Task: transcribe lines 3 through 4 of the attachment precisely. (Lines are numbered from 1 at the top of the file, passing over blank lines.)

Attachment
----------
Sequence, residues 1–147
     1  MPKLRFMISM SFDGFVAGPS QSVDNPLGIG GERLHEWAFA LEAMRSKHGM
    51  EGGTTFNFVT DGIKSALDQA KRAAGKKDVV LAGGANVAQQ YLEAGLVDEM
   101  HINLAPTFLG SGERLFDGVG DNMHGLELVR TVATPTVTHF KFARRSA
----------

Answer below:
    51  EGGTTFNFVT DGIKSALDQA KRAAGKKDVV LAGGANVAQQ YLEAGLVDEM
   101  HINLAPTFLG SGERLFDGVG DNMHGLELVR TVATPTVTHF KFARRSA